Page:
Why This LNG Shipper Is Struggling and 2 Superior Alternatives
Three major factors will drive global demand for natural gas in the coming decades: population growth, environmental concerns, and strong economic growth in developing nations. From 2008 to 2035 these trends are expected to increase global gas demand by 44%, 84% of which will come from developing nations. China in particular is expected to experience 5.9% annual demand growth, and China and India are working to triple their LNG import capacities by 2018.
Current world supply of LNG is 281 million metric tons (mtpa) with another 110 mtpa under construction. Twenty proposed LNG export projects in the US could add another 190 mtpa, a 50% increase in global supply. Although not all US projects will come to fruition, global demand for LNG tankers is expected to rise and outstrip supply by 35 ships by 2018.
However, short-term problems have arisen lately in the form of too many new ships coming online before major LNG export projects are completed. For example, through 2015 61 tankers are scheduled for delivery, 20 of which are without contracts. This is causing massive short-term weakness, with spot (short-term) day rates falling by 50% (from $140,000/day to $70,000/day).
This temporary decline is of major concern for Golar LNG because it has the most exposure to the weak spot market. Golar LNG owns eight tankers with eight more scheduled to be delivered through 2015. Currently only two of these vessels are contracted and one of those contracts ends in 2015.
The rest of Golar's fleet is at the mercy of the spot market, with three of those vessels candidates for conversion to FLNG ships. These vessels are capable of liquefying natural gas on board for 20%-33% cheaper than land-based LNG export terminals.
Analysts have recently cut Golar LNG's 10-year growth projections down to 6% earnings growth, and the outlook for dividend growth is even worse.
|Company/MLP||Yield||Projected 10 Year Annual Distribution/Dividend Growth||10 Year Projected Annual Total Return|
|Teekay LNG Partners||6.30%||4.20%||10.50%|
|Golar LNG Partners||5.80%||6.84%||12.64%|
Golar LNG has typically dropped down contracted ships and FSRUs (floating LNG import terminals) to its MLP, Golar LNG Partners , which for the first time offers superior yield to its general partner, as well as superior distribution growth prospects. With all of its vessels under contract (average remaining contract 6.2 years) and a contract backlog of $2.5 billion, Golar LNG Partners represents a safer and faster growing investment than Golar LNG.
A strong growth catalyst for both Golar LNG and Golar LNG Partners is the fact that Golar's first FLNG project will soon be completed. High demand for these vessels means a long-term contract and because each FLNG requires three to five tankers to service it, this conversion could remove a lot of short-term pressure from Golar LNG by gaining contracts for some of its tankers.
I would recommend investors choose Golar LNG Partners over Golar LNG because of its lack of exposure to the spot market and the likelihood that Golar LNG drops down its new builds after first obtaining long-term contracts for them. This will fuel strong fleet, revenue, and distribution growth for Golar LNG Partners while avoiding the risk of lower utilization (ships being idled) that Golar LNG is currently experiencing.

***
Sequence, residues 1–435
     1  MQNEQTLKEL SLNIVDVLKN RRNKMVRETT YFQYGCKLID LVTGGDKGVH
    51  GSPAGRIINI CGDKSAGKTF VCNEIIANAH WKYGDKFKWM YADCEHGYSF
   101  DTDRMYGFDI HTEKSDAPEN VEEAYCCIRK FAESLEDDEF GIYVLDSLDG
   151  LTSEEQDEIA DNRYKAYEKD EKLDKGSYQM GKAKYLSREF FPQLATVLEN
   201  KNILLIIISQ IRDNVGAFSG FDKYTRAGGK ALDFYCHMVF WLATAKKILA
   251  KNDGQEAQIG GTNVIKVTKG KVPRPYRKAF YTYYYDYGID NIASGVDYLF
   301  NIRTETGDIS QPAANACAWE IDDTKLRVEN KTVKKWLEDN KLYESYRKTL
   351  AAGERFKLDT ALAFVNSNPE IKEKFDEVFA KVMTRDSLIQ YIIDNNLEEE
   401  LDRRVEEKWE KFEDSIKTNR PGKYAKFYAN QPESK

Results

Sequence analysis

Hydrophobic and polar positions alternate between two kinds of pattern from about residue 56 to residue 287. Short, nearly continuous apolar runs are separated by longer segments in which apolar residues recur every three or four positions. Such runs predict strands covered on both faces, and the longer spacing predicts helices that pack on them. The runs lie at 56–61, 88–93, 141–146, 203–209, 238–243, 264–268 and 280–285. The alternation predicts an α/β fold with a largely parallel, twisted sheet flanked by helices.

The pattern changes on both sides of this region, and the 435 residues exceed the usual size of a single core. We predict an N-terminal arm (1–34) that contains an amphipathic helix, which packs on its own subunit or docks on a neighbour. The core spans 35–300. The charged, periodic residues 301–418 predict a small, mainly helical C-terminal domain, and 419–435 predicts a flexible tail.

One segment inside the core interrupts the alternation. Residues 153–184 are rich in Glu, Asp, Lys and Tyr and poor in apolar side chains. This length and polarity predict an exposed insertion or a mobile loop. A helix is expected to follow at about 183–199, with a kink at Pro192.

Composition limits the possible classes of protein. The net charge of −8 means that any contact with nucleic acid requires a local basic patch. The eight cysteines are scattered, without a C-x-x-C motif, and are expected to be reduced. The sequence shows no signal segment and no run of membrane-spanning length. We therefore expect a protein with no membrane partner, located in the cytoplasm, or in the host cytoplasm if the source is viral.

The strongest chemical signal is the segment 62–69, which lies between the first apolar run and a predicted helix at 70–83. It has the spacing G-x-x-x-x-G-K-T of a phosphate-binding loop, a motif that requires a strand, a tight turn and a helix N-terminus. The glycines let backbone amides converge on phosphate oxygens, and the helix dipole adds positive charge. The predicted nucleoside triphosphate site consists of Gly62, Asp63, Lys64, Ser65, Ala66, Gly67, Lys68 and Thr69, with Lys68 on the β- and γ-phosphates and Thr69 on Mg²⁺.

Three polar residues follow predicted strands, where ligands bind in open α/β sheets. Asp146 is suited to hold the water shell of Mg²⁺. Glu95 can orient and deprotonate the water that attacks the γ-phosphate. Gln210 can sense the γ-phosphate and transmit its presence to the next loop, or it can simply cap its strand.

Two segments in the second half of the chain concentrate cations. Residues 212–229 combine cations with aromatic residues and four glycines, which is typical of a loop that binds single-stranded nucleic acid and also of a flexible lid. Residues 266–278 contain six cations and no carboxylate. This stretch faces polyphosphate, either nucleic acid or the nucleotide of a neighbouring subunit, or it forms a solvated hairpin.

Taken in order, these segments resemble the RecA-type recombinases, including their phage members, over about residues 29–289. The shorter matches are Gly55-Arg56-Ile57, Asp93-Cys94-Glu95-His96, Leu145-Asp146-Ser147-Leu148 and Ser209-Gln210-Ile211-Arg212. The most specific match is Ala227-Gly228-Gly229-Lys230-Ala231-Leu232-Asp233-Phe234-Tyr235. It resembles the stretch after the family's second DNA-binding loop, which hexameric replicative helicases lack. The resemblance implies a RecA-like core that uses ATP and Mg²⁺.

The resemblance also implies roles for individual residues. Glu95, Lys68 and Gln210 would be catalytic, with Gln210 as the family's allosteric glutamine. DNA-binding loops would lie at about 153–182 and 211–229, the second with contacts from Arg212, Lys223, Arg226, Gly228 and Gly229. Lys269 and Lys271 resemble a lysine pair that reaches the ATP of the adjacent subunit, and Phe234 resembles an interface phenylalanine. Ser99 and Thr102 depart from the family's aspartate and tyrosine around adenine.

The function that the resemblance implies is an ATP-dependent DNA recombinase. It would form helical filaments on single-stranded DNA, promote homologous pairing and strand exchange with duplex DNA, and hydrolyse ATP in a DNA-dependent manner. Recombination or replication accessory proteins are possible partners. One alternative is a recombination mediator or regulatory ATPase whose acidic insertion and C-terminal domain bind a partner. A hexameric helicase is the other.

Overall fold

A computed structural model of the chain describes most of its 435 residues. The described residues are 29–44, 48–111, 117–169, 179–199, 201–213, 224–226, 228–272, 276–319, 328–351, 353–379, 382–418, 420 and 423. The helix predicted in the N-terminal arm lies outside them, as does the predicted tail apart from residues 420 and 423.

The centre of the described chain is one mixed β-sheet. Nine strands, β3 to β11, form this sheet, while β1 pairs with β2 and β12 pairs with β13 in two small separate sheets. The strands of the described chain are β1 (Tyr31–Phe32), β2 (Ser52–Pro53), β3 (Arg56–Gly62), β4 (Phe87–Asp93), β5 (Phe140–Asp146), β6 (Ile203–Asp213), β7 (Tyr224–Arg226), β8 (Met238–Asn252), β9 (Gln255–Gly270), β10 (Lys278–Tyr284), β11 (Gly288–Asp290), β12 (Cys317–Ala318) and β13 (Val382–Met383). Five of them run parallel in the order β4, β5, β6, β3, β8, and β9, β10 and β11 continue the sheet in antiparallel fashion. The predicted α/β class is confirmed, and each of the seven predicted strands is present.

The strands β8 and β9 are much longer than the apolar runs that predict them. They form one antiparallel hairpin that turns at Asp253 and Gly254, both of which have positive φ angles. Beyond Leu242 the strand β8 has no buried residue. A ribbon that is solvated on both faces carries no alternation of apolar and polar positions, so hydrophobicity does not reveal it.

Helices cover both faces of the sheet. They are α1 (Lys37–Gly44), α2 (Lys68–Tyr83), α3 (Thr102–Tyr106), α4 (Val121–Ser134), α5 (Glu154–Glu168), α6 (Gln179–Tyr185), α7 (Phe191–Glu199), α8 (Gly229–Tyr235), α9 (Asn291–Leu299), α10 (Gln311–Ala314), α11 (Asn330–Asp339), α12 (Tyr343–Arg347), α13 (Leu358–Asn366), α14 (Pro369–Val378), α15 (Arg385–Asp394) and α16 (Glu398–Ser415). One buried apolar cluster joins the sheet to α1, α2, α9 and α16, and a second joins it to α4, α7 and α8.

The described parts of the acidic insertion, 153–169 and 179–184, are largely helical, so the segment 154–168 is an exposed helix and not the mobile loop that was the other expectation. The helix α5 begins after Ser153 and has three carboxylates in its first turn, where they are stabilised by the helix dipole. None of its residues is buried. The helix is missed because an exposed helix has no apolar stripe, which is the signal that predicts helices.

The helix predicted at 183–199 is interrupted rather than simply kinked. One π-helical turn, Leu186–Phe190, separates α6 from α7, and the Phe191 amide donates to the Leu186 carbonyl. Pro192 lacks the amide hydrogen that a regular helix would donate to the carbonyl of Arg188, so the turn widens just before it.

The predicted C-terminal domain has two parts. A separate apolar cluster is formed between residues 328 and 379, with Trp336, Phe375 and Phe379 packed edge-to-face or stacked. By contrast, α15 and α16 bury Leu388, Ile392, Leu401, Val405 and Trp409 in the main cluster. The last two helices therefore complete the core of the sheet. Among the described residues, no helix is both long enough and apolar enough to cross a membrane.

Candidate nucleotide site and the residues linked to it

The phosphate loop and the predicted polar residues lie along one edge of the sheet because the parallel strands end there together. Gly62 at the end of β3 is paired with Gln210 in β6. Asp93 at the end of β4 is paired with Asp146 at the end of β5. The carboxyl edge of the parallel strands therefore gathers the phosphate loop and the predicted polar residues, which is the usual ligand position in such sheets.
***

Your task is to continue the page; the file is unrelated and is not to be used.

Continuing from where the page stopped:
Teekay LNG Partners represents the safest investment in LNG shippers, due to its exclusive reliance on long-term contracts, and its large diversified fleet. Its average remaining contract is 13 years and only two of its 28 LNG tankers are rolling off contract through 2016.
With a distribution coverage ratio of 1.1 and distributable cash flow up 12% in the first quarter, investors can rest easy knowing that the current yield is safe. Long-term growth in the distribution is likely due to two major joint ventures.
The first is the Yamal LNG export project in Siberia. This 16.5 mtpa facility will require six icebreaker LNG tankers, and Teekay was recently awarded the contract for the 50/50 joint venture that includes 25 to 27 year contracts beginning late 2017.
The second joint venture is with Exmar, for 12 liquid petroleum gas (LPG) carriers. Teekay took delivery of the first ship in April and these two joint ventures will grow its fleet by 16-19 additional ships through 2018. This represents 21%-24% fleet growth, which will provide the growth catalyst for Teekay's already generous yield.
Foolish bottom line
With strong growth in demand over the next several decades, LNG shippers are a great way for long-term income investors to profit from international energy markets. Of all the LNG shippers I cover, Golar LNG concerns me most due to its lack of long-term contracts. I would recommend Golar LNG Partners as a superior alternative due to its 100% utilization rate and strong contract backlog supporting its generous distribution. Teekay LNG Partners represents the blue chip of this industry, with the largest fleet, and least exposure to short-term pricing weakness. With a high yield and moderate projected distribution growth, Teekay LNG Partners is likely to outperform the market over the next decade.
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The article Why This LNG Shipper Is Struggling and 2 Superior Alternatives originally appeared on Fool.com.Adam Galas has no position in any stocks mentioned. The Motley Fool has no position in any of the stocks mentioned. Try any of our Foolish newsletter services free for 30 days. We Fools may not all hold the same opinions, but we all believe that considering a diverse range of insights makes us better investors. The Motley Fool has a disclosure policy.
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